Scottish winter climbing sits somewhere in the middle of this spectrum. It is difficult, perhaps impossible, to explain the attractions this bizarre sport to the uninitiated. It is often uncomfortable and frightening. It always makes obscene demands on your time. A day's sport involves rising in the middle of the night, driving for several hours, then walking in to a remote coire with a heavy pack for several more hours to find yourself at the bottom of a route by 1000 hrs, if you are lucky. At this time of year that leaves six hours of daylight, so it almost inevitable that you will be completing your descent in the dark. It doesn't take too much in the way of unexpected delay - route finding difficulties or icy roads for instance -  for night to fall before the technical climbing is complete. Despite- or perhaps because of - these hardships, a good winter day  repays this effort and more. For a winter route is a true adventure; once committed the route fills one's awareness completely, there is a tangible feeling of  memories being indelibly etched onto the consciousness, to be drawn on later in defense against the humdrum and the mundane. 

Toddy setting off on  Penguin Gully, Beinn Dearg

The trouble is that very often one is not rewarded with a good winter day. Many factors can conspire against success, but the main difficulty is in the prediction of conditions.  There are few experiences more deflating than arriving in a coire to find the buttresses black and dripping, with no routes in acceptable condition. This deflation arises not just from the feeling of having wasted the physical energy expended on the day, it is also the mental energy that has been invested during the preceding weeks: poring over weather forecasts, avalanche forecasts, guidebooks and maps;  scouring discussion forums and blogs; juggling work, social and family commitments so that they can be dropped at a day's notice when the the stars align. For conditions are fickle; some routes may be in condition for only a few days a season, others may be climbable only once in a decade. It is disappointing to waste energy by heading out on a poor day, but that is nothing compared to the pain of having to spend a perfect winter day at work. The stress of walking this tightrope between glory and  disappointment can result in a winter angst so all-consuming that it is often a great relief when spring comes and the ice tools can be stowed away for another season.

For a variety of reasons I have drifted away from winter climbing over the last few seasons, notching up fewer and fewer routes each year. Last season I didn't even attempt to go climbing, investing my energies in ski mountaineering instead. Ski mountaineering is has many selling points: less equipment is required, reducing both bag weight and preparation time. One can move much faster, reducing the need for early starts. Skiing is not frightening. But the main advantage of taking to the hills on ski is it provides the opportunity to soak up the precious winter sun. The winter climber is perversely compelled by his thirst for ice and frozen turf to grovel in the cold shade of north-facing coires while the ski mountaineer is up on the ridges basking in sunshine. We see so little winter sun here that it seems criminally wasteful to deliberately avoid it.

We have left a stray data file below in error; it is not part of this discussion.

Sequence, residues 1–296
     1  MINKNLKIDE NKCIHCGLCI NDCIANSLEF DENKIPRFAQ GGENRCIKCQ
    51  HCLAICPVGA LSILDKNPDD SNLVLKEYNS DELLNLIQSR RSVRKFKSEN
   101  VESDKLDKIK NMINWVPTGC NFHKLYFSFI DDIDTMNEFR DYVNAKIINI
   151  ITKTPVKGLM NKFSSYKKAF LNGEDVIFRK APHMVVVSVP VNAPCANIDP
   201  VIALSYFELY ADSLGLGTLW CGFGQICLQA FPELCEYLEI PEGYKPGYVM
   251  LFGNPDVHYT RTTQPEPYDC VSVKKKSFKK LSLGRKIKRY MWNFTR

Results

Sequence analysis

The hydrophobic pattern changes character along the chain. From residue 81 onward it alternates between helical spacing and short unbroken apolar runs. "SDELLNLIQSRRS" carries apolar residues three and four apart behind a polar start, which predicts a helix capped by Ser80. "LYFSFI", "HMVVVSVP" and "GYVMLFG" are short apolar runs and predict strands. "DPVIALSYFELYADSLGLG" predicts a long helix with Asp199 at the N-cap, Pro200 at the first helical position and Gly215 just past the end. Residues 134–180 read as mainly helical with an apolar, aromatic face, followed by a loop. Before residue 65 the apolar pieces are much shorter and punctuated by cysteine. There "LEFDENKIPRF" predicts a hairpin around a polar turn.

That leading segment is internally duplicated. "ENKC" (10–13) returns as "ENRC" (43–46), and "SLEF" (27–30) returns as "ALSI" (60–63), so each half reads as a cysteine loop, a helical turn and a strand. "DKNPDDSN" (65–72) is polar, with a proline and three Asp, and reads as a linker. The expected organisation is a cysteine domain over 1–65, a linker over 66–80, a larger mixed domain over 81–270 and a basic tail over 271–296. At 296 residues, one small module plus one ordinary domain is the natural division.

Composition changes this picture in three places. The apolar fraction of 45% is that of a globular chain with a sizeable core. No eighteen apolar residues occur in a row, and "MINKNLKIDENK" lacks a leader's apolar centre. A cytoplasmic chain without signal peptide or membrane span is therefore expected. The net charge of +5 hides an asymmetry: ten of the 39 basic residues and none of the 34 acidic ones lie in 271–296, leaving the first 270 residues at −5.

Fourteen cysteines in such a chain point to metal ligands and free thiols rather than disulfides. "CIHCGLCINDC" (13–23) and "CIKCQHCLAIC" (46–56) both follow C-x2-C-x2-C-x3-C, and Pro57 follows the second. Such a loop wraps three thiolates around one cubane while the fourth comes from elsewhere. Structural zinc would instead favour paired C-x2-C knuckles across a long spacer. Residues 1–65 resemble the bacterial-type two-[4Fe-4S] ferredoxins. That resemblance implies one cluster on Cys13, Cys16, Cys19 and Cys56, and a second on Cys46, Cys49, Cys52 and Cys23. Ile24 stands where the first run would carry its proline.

Happily leaving the ice behind for some more reassuring  frozen turf
Back in September I was inspired by Pete Macpherson's record of his previous season and decided that I would climb again this winter. On the 3rd of January I followed through on this threat, arranged a strong and highly motivated climbing partner and headed to Beinn Dearg, our sights set on Penguin Gully. We found two good ice pitches at the bottom of the gully but the snow on the easier upper section looked to be incomplete and so we traversed off to the right instead of finishing the route. The ice turned out to be quite variable, sometimes providing trustworthy placements  and sometimes cleaving off in disconcerting dinner-plates.This  fine day out had two effects on me. Firstly it confirmed my long-held suspicion of ice as a climbing medium,  secondly it restored my urge for winter climbing.  I fully intend to indulge further this season, with turfy routes in remote northwest venues and late season Nevis classics being top of the hit list.. 

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Monday, 3 January 2011

Solar Arc

We are blind to much of the wonder of the natural world. The beauty of great nature writing  is that it can open our eyes to this unseen splendour and provide us with the vocabulary needed to describe phenomena which might otherwise pass us by.

In his book 'Arctic Dreams' Barry Lopez describes how reflection and refraction of light by ice or water particles in the polar sky can give rise to a variety of arcs and halos. The most spectacular is the sun dog, rainbow patches that appear 22 degrees from the polar sun. You can see from the picture in the link that the sun dogs describe two opposite edges of an incomplete circle. This image shows a complete solar halo. Lopez notes that such features can also be observed in the part of the sky directly opposite the sun and that they are not limited to the polar regions, also being observable in the temperate latitudes. This piqued my curiosity and I have been on the lookout ever since.

Two days after Christmas I photographed the solar arc above while descending from Cul Mor in Assynt. It is in the sky to the north, directly opposite the late afternoon sun. It's a pretty subtle effect and would have been easy to miss had I not been primed by reading Lopez's book.

It was a grand day to be on the hill; still, though not as clear as had been forecast. Some high cloud resulted in the landscape being selectively illuminated by shafts of light, further accentuating landscape features that had already been rendered unusually prominent by a combination of low winter sun and residual snow lying in the gullies and hollows.

North to Suilven, Quinaig and Canisp from Cul Mor
To the south, in front of the Fannichs, a curtain of cloud spilled a low ridge. Sgurr Mor is prominent just right of centre.

South to the Fannichs from Cul Mor